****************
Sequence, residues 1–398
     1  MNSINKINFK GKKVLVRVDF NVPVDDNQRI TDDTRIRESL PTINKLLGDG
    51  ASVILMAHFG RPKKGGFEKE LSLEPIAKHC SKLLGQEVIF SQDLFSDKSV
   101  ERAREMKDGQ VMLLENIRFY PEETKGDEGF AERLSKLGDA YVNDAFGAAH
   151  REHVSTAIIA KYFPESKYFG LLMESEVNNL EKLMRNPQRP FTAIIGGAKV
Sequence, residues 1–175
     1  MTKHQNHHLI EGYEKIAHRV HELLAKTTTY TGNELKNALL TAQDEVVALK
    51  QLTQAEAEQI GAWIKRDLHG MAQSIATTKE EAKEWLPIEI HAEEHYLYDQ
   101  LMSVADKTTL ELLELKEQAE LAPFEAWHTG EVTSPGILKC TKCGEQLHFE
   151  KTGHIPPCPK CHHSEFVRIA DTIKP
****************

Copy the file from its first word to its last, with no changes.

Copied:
Sequence, residues 1–398
     1  MNSINKINFK GKKVLVRVDF NVPVDDNQRI TDDTRIRESL PTINKLLGDG
    51  ASVILMAHFG RPKKGGFEKE LSLEPIAKHC SKLLGQEVIF SQDLFSDKSV
   101  ERAREMKDGQ VMLLENIRFY PEETKGDEGF AERLSKLGDA YVNDAFGAAH
   151  REHVSTAIIA KYFPESKYFG LLMESEVNNL EKLMRNPQRP FTAIIGGAKV
Sequence, residues 1–175
     1  MTKHQNHHLI EGYEKIAHRV HELLAKTTTY TGNELKNALL TAQDEVVALK
    51  QLTQAEAEQI GAWIKRDLHG MAQSIATTKE EAKEWLPIEI HAEEHYLYDQ
   101  LMSVADKTTL ELLELKEQAE LAPFEAWHTG EVTSPGILKC TKCGEQLHFE
   151  KTGHIPPCPK CHHSEFVRIA DTIKP